I spent a good bit of this afternoon reading a series of exchanges between Karl Ameriks, Daniel Breazeale, and Charles Larmore published by Inquiry in 2003. The exchange is over Ameriks' book Kant and the Fate of Autonomy (Cambridge, 2000), a book that takes issue with how Reinhold, Fichte, and Hegel understood, interpreted, and appropriated Kant. Ameriks blames the influence of Reinhold and Fichte for muddying the waters of Kant interpretation by taking Kant's starting point in his Transcendental Deduction to be the concept of representation, and not, what Ameriks calls "common sense judgment", that is, judgments about public objects found in space and time. The issue here is that Reinhold and Fichte have set up a shortcut to their idealist conclusions, one that bypasses the complexities of Kant's own argument for Transcendental Idealism. Ameriks is well-known for introducing the short arguments to idealism, and his book is largely an attempt to show why this mode of argumentation obscures the meaning and importance of Kant’s project.
What I find interesting about Ameriks' take on Fichte is that he sees his influence on contemporary philosophy to be more profound than most philosophers and scholars are willing to recognize. The problem with this Fichtean influence, for Ameriks, is that he takes Fichte to be at best a bad Kantian, and at worst a bad philosopher, so his influence can only be deleterious. Breazeale admirably comes to the defense of Fichte, but in doing so he questions Ameriks' assumption that Fichte's work has been influential:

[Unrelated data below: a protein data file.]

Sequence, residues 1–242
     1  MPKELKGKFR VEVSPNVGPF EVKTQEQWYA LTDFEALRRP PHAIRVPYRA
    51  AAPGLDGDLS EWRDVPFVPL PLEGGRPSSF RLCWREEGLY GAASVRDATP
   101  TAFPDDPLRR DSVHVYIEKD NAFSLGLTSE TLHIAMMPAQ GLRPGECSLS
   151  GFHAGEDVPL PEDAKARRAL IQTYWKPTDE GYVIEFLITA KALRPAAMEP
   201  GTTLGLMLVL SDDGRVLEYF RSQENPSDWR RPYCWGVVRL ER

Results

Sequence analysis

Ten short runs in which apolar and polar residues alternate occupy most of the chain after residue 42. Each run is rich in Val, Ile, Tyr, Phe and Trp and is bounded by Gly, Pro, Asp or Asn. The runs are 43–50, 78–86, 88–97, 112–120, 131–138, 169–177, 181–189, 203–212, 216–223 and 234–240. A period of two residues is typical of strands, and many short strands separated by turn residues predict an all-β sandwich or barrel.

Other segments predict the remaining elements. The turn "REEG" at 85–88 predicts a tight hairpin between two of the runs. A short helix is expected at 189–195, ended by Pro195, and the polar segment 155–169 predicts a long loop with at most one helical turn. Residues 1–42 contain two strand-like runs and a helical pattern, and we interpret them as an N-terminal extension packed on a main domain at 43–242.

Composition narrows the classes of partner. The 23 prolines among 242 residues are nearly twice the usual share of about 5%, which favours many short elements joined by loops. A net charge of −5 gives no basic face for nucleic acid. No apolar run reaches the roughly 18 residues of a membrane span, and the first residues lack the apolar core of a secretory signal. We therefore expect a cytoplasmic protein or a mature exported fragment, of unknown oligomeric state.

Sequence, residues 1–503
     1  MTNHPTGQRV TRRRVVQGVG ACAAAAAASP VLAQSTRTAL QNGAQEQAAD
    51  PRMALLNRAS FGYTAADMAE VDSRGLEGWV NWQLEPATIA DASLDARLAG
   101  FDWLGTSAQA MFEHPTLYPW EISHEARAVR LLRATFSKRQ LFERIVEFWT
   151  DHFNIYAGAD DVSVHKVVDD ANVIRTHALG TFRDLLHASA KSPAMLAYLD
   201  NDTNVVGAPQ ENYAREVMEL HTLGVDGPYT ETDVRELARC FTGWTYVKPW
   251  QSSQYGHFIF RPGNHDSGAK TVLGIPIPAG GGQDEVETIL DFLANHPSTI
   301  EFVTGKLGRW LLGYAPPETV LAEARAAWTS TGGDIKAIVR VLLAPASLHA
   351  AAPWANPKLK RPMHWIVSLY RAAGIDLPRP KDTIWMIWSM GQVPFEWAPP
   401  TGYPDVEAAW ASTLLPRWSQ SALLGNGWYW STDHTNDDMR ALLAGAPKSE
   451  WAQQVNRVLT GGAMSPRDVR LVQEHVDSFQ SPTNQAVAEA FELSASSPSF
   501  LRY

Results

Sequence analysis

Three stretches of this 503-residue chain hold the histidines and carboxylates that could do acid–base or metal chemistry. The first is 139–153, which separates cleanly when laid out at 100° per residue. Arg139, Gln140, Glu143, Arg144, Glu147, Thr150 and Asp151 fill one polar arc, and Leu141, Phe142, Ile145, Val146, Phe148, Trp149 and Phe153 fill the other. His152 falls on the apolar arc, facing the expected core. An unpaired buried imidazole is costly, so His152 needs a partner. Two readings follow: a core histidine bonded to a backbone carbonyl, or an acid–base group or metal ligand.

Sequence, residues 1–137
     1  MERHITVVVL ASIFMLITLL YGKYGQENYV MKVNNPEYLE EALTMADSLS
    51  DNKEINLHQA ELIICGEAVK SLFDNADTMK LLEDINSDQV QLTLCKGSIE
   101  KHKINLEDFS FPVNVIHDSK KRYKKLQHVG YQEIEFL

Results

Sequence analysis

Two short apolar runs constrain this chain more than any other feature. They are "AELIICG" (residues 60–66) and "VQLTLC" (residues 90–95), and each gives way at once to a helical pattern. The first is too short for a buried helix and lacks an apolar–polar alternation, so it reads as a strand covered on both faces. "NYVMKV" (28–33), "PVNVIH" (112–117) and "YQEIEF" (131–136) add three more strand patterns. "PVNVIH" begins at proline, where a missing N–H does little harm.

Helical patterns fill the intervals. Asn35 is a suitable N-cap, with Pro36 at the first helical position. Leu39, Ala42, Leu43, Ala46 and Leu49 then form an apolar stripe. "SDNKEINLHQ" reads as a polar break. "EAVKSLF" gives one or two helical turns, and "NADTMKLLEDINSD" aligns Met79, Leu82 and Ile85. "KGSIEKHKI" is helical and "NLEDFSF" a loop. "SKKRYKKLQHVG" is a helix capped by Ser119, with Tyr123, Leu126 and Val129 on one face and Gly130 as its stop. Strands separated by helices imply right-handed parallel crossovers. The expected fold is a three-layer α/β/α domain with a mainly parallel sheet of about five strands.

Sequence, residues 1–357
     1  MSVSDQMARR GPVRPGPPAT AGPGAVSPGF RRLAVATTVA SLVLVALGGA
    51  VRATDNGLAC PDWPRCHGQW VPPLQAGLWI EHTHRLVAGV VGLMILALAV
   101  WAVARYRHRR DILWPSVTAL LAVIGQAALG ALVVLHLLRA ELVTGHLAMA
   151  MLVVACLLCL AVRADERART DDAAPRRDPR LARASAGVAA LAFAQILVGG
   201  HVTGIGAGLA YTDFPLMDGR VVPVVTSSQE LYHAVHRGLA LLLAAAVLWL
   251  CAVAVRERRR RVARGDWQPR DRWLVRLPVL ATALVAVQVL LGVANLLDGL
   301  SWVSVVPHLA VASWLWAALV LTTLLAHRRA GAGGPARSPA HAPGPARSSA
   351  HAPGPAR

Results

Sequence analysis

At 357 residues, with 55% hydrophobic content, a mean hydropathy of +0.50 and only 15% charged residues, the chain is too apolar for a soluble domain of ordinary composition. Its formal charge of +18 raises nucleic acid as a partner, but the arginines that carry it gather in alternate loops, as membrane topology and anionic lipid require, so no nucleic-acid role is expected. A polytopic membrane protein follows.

I am deeply gratified—as well as somewhat amused—by Ameriks' undisguised alarm at the 'growing interest' among contemporary philosophers in post-Kant idealism in general and in Fichte in particular. Even if it represents a considerable exaggeration of the actual situation, I am still flattered to read that 'enough has been written in recent years to make this one-exotic strand of thought familiar and even attractive to many English-language readers' (Ameriks, p. 4). Indeed, it seems to be part of Ameriks' rhetorical strategy to exaggerate in this way the threat represented by contemporary interest in the work of the post-Kantians in order thereby to emphasize the timeliness and significance of his effort to vindicate 'orthodox Kantianism'. (Breazeale, "Two Cheers for Post Kantianism", Inquiry, v. 46, p. 240)Ameriks finds Fichtean influences in the way in which scholars like Robert Pippin interpret Kant. A lot of this criticism from Ameriks is aimed at defending what he takes to be the right interpretation of Kant’s work, one that is not metaphysically deflationary in its orientation. Ameriks takes issue with more than just scholars of Kant and post-Kantianism. He also finds that a certain kind of Fichteanism has begun to take hold in analytic circles. In a footnote he writes, "An impressive recent indication of the 'analytic' trend I have in mind is Susan Hurley aptly titled Consciousness in Action, a work that does not directly invoke Fichte but provides an extensive discussion of 'action-oriented' readings of Kantian apperception, with an insightful critique of 'the myth of the giving'"(Ameriks, 188). Hurley also defends another thesis, one Hector-Neri Castañeda called 'the Fichtean thesis': a necessary condition of consciousness is self-consciousness. Action-oriented theories of apperception, perception, knowledge, and consciousness are becoming more and more influential in certain circles in philosophy of mind. I think Breazeale is probably right to be skeptical about such trends resulting from philosophers having read Fichte. However, Ameriks is, I think, right to insist that there is a post-Kantian influence on contemporary analytic philosophy. This influence should be traced back to the post-Kantianism of Sellars. Post-Kantianism of the Sellarisan variety is quite influential today. Ameriks book was published in 2000, just a few years after the wave making works of McDowell and Brandom. I think in this respect Ameriks is right to see Fichtean influences in contemporary analytic philosophy and Kant interpretation, even when they come by way of Hegel and Sellars rather than directly from Fichte himself. Like Breazeale, I don't, however, takes these influences to be toxic.